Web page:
For Catholic breastfeeding mothers, "Navigating the Holidays as a Breastfeeding Family," and the unexpected return of fertility are the discussion topics of our online Catholic Nursing Mothers' Group in November. Reach out if you would like to join us for this free online breastfeeding support group!
If you've used Natural Family Planning [NFP] or a fertility awareness method for any length of time, you've probably heard this joke:
Q. What do you call people who use NFP?
[Yucka yucka yucka.]
You may have heard that natural methods of family planning have a very high rate of effectiveness at avoiding pregnancy, as high as 99% effective, depending on the rules followed. To achieve this high rate of effectiveness, natural methods of family planning rely on abstinence from sexual intercourse and genital contact without penetration -- yes, contact pregnancies are a thing. So if that's the case, how come "NFP families" tend to be so darn big??!! (Cue family photo here.)
(Yes; they're all ours.)
Let's get real. How come NFP families tend to be so darn big?
1. Taking chances. NFP requires abstinence. As I said before, "To achieve this high rate of effectiveness, natural methods of family planning rely on abstinence from sexual intercourse and genital contact." How many people do you know who are super good at abstinence from say, junk food? White lies? Gossip? And those aren't even particularly good things. Sex is a good thing. Sex with one's spouse is a very good and wonderful, and yes, pleasurable thing. Let's be real...sometimes the idea of maybe-possibly-who-knows? we could have another baby -- and babies are also very good and wonderful -- doesn't seem like such a Bad Idea. So the couple takes a chance...and along comes little Jenny or Timmy. I won't embarrass my kids by naming names, but let's just say I have personal experience with reason #1. If you are serious about not getting pregnant, you cannot, I repeat, CANNOT, take chances.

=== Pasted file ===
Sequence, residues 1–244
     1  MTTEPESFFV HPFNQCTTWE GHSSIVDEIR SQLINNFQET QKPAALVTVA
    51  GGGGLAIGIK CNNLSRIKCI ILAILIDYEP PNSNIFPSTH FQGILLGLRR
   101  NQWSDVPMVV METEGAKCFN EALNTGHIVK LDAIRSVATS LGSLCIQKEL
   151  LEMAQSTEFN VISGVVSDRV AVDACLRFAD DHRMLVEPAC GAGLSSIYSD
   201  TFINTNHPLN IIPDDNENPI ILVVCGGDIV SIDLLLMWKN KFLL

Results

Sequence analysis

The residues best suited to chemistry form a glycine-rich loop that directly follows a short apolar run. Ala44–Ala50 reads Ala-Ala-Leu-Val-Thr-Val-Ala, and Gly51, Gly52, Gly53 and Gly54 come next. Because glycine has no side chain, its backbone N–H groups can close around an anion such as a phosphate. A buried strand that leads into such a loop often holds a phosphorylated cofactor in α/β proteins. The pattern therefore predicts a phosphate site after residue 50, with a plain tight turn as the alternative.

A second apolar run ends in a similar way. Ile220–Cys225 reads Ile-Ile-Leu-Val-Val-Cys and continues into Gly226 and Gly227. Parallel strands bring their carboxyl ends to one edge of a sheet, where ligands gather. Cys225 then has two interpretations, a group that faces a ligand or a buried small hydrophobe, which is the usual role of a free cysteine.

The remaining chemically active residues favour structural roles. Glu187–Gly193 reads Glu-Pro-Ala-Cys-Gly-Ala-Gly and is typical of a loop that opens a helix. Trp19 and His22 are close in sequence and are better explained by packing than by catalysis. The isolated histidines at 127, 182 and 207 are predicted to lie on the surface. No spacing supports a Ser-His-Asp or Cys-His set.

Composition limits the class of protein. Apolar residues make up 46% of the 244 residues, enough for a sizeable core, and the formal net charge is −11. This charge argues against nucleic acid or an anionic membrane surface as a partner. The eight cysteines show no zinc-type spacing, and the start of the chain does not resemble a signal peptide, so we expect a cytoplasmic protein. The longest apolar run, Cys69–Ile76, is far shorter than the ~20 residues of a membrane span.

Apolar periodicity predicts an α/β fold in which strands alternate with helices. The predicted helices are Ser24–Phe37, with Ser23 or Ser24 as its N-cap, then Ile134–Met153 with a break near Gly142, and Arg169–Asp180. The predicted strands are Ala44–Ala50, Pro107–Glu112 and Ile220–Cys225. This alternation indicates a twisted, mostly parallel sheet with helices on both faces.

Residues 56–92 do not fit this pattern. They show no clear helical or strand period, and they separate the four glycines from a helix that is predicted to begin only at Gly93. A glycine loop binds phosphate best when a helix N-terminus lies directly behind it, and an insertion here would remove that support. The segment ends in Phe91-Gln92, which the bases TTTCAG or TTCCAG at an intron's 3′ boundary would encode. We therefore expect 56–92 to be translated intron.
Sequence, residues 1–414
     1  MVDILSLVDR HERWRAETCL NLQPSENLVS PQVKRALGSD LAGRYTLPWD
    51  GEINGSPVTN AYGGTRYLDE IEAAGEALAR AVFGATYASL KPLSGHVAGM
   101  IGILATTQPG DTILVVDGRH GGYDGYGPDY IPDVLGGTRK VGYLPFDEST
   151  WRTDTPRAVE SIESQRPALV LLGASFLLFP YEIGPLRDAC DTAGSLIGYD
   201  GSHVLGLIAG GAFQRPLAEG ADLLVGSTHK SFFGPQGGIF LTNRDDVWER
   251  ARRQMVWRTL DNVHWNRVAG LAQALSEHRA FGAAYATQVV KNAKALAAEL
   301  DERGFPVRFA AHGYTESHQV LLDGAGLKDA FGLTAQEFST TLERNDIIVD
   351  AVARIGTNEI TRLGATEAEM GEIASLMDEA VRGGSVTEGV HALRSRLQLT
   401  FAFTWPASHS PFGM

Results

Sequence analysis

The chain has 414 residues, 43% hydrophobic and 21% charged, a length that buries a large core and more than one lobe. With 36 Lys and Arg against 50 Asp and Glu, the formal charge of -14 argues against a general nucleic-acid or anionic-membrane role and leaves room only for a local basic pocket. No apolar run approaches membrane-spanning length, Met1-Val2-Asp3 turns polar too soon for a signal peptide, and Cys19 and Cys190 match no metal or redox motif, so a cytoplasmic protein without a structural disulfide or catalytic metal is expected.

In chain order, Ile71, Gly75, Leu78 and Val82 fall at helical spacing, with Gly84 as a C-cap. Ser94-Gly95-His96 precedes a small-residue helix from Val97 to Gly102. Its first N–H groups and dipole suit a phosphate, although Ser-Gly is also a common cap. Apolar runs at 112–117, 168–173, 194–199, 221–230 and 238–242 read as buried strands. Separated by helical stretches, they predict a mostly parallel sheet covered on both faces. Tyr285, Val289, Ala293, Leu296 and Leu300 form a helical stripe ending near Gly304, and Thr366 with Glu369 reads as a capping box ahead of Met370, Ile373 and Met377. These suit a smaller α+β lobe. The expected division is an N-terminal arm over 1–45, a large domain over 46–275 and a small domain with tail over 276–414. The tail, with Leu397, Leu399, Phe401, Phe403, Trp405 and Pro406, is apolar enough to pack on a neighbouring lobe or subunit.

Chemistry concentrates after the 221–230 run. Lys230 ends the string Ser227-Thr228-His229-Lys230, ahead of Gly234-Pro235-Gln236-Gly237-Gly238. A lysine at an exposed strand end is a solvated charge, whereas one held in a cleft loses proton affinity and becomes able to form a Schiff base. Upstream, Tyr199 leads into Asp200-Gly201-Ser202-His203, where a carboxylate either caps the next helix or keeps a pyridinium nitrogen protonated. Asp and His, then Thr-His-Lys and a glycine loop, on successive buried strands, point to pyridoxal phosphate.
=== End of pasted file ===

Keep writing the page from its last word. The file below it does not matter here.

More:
2. Being inexperienced or "relaxed". If you don't really understand how NFP works... like maybe you learned from the internet for example...you might not really understand how to observe, record, and interpret your signs of fertility. The evil twin sister of this idea is when you really do know how to do all of the above, but you just get kind of in a mindset that things are usually like "x" so you don't really need to do all the things and poof! just like that, something changes and a couple weeks later you're looking down at two pink lines...ask how I know lol. Natural methods are very unforgiving of missed observations and wishful thinking. You gotta do the method consistently to expect it to work.
3. Changing your minds. One of the benefits of natural methods of family planning is even if yesterday you were darn sure you never wanted another baby, you can change your mind the very next day and there's nothing to worry about or wait for. Go ahead and try! Newsflash: families using NFP don't need to announce their pregnancy intentions to anybody, so even if you assume or they told you that they're using NFP to avoid pregnancy, maybe they changed their minds and that is why they're having another baby! Don't assume the method "failed" -- it actually may have been used to achieve a wanted pregnancy! Thank the method for indicating you were fertile so you were able to have a baby that you wanted!